In Faith in a Seed, Thoreau, in typical eloquent fashion, summarizes his own personal relationship with the willow in the most inspirational and even biblical of terms:

"I commonly litter my boat with a shower of these twigs whenever I run into the black willows, for they are low and spreading, even resting on the water; and therefore I had ignorantly pitied the hard fate of the tree that was made so brittle and not so yielding like a reed. But now I admired its invulnerability. I would gladly hang my harp on such a willow, if so I might derive inspiration from it. Sitting down by the shore of the Concord, I could almost have wept for joy at the discovery of it.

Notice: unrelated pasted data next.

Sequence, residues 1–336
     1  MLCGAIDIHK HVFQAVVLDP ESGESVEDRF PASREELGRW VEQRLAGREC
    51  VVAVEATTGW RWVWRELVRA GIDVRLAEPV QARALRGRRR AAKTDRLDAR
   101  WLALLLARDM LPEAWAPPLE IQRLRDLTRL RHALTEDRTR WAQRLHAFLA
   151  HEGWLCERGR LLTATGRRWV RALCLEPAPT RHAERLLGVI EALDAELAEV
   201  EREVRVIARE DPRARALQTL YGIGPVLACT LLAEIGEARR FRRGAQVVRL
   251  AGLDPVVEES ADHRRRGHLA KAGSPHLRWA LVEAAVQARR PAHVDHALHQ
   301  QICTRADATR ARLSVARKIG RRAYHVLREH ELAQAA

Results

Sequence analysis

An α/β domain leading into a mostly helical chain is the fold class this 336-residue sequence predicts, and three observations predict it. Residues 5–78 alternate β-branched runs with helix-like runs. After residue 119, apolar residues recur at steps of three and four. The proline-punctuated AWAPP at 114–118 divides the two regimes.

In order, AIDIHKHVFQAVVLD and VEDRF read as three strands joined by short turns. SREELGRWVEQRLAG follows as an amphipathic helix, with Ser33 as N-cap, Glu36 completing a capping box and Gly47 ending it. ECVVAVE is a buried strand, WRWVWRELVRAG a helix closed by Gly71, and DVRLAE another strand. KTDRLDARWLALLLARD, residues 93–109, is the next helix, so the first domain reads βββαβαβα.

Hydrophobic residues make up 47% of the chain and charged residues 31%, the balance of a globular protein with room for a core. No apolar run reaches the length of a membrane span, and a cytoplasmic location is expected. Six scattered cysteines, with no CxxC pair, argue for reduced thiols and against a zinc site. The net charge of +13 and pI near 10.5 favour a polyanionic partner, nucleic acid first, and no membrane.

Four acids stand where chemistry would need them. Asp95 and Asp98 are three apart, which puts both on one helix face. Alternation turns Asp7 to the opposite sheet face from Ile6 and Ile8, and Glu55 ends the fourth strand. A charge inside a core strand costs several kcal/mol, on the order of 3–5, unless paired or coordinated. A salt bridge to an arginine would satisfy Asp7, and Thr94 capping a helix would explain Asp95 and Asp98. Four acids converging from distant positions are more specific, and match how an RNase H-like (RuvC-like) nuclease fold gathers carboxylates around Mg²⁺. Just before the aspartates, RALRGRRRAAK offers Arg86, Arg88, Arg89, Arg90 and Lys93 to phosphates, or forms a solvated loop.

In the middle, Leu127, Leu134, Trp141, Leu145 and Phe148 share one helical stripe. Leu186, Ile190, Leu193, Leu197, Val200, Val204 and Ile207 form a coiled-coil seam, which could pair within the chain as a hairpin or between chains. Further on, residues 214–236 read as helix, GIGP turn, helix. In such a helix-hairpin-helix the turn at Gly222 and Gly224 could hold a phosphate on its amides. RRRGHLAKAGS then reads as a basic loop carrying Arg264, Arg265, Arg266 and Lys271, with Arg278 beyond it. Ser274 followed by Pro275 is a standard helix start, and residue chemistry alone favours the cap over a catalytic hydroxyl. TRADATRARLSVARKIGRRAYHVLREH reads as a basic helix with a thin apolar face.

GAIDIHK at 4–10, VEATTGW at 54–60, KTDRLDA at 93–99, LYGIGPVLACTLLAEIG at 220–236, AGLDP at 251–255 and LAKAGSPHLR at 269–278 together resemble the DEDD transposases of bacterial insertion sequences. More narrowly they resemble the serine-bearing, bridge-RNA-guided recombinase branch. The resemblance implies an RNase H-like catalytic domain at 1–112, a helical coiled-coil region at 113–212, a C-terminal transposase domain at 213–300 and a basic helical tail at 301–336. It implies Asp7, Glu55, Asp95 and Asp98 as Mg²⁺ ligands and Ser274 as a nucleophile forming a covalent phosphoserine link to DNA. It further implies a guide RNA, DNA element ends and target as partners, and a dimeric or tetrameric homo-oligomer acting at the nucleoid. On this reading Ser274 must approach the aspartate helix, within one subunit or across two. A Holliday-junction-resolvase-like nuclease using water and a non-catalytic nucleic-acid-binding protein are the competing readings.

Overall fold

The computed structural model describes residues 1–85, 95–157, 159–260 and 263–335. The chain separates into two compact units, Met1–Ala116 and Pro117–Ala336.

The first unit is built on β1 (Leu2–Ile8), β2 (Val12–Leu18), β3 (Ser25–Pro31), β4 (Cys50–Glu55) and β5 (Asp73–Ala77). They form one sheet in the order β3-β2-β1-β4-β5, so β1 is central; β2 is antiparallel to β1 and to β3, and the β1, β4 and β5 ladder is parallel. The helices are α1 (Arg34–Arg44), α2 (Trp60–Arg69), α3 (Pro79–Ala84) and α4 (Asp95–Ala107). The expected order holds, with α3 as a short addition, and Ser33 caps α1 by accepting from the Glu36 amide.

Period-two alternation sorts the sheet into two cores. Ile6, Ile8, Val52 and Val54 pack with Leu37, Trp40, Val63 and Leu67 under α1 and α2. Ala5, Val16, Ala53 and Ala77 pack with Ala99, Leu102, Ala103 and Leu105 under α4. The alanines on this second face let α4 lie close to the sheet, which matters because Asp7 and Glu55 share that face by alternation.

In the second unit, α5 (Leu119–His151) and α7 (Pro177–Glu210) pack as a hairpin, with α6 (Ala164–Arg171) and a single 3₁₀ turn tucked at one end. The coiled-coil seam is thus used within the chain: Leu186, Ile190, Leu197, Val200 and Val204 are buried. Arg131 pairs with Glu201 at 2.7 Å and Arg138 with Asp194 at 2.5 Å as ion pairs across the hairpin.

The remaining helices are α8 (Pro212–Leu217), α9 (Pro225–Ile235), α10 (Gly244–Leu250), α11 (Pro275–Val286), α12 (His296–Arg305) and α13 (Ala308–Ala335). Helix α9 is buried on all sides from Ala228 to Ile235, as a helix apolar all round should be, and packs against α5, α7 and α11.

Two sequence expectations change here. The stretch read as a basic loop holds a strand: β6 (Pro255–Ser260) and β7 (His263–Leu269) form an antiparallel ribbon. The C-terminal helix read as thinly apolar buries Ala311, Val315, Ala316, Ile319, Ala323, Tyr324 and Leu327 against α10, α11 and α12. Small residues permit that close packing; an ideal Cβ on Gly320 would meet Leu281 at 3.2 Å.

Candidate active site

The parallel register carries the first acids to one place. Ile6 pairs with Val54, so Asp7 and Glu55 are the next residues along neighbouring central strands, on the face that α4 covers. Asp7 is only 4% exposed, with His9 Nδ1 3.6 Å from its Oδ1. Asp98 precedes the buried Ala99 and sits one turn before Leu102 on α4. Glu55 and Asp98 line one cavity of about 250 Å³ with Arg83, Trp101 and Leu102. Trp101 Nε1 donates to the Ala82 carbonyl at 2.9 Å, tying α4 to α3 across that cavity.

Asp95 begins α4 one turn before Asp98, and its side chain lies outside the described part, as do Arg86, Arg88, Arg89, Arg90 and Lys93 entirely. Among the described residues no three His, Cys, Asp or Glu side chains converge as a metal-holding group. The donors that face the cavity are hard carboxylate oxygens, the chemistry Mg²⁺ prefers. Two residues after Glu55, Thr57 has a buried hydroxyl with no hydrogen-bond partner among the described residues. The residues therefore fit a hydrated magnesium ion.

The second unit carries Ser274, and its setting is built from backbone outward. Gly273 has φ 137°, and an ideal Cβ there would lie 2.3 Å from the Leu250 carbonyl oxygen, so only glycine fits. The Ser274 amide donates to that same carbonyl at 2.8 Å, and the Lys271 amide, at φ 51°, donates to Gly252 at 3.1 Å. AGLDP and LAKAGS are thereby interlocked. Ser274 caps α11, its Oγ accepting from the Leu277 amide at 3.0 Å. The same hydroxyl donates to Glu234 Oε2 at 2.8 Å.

Ah willow, willow, would that I always possessed they good spirits; would that I were as tenacious of life, as withy, as quick to get over my hurts. I do not know what they mean who call the willow the emblem of despairing love! -- who tell of `the willow worn by forlorn paramour!' It is rather the emblem of triumphant love and sympathy with all Nature.''

Photo by black willow seeds ready to be wafted by the wind